“We will not forgive. We will not forget. We will hunt you down and make you pay.”
President Joe Biden took a defiant, even vengeful, tone in his remarks late last month after a terrorist attack killed 13 U.S. military personnel in Kabul, Afghanistan. He added that the U.S. military would be “tracking down the ISIS leaders who ordered this” and “we will find ways of our choosing, without large military operations, to get them.”
And what was this way? A drone strike on Aug. 29 to target militants behind the terrorist attack. Gen. Mark Milley, chairman of the U.S. Joint Chiefs of Staff, called it a “righteous strike.”
Except the U.S. didn’t kill any terrorists in the attack.
Last Thursday (Sept. 16), Gen. Kenneth McKenzie, who leads the U.S. Central Command, admitted what news reports already indicated: the drone strike didn’t kill any terrorists. Instead, the we-will-not-forgive-attack killed 10 innocent civilians, including aid worker Zamairi Ahmadi, Ahmad Naser Haideri who had been a translator for the U.S. military, and seven children. The youngest child, Sumaya, was two years old.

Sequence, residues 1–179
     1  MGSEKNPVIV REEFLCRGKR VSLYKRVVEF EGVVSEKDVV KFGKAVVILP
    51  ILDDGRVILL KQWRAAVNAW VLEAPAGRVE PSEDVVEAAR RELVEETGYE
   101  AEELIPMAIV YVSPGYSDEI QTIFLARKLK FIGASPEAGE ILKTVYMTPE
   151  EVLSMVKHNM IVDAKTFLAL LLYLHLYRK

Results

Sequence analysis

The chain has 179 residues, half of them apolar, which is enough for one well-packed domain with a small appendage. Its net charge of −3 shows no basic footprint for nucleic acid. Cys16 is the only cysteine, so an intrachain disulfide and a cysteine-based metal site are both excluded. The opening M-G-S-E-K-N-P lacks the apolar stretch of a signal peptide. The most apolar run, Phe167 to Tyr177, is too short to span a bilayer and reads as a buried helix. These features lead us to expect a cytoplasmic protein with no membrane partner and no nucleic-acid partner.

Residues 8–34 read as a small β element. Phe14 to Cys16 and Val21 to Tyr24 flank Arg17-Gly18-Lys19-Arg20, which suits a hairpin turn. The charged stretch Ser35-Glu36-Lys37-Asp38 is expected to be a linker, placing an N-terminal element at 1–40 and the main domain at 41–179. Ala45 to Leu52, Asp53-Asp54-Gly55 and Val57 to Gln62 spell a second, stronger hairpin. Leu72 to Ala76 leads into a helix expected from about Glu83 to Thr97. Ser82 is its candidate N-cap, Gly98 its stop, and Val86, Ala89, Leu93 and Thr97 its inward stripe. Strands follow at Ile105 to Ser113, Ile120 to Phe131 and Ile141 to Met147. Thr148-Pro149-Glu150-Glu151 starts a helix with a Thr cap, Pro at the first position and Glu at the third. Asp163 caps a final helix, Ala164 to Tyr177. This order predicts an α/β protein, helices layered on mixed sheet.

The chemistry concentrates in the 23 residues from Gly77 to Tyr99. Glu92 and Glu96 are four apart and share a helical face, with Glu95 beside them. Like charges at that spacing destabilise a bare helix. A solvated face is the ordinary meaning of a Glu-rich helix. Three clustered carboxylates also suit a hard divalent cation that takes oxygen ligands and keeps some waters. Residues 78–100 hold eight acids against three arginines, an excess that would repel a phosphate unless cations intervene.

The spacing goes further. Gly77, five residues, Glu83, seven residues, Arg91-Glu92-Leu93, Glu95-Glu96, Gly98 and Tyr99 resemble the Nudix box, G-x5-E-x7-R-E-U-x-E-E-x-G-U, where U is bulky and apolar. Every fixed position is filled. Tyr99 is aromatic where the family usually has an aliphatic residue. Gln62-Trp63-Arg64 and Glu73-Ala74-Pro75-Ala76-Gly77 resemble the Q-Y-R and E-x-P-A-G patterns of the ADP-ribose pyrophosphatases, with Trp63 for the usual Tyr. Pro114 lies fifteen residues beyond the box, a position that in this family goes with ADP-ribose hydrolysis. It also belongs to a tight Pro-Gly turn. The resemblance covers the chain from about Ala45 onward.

McKenzie called it a “tragic mistake.” But that doesn’t seem good enough.
Living in a democracy means that the government acts in our name. Regardless of the label assigned to them, the culpability does not end with the person who fired or authorized the missile. Each of us bears a part of the burden for this egregious error; all of us should share in the outrage it is due.
Moreover, the lack of discussion across society and within the Church about the rise of remote killings increases our anger. To God, each of the 10 Afghan lives matter as much as each of the 13 American lives Biden pledged not to “forget” and to whom our media devoted extensive attention. Yet, stories like this drone strike quickly fall from the headlines, while the big questions around the morality of these lethal engagements are left unanswered
In this edition of A Public Witness we place our aim on the rising use of drones as the preferred weapons of war. The urgency of the conversation ignores all borders, which means the life-or-death stakes warrant the attention of the global Church.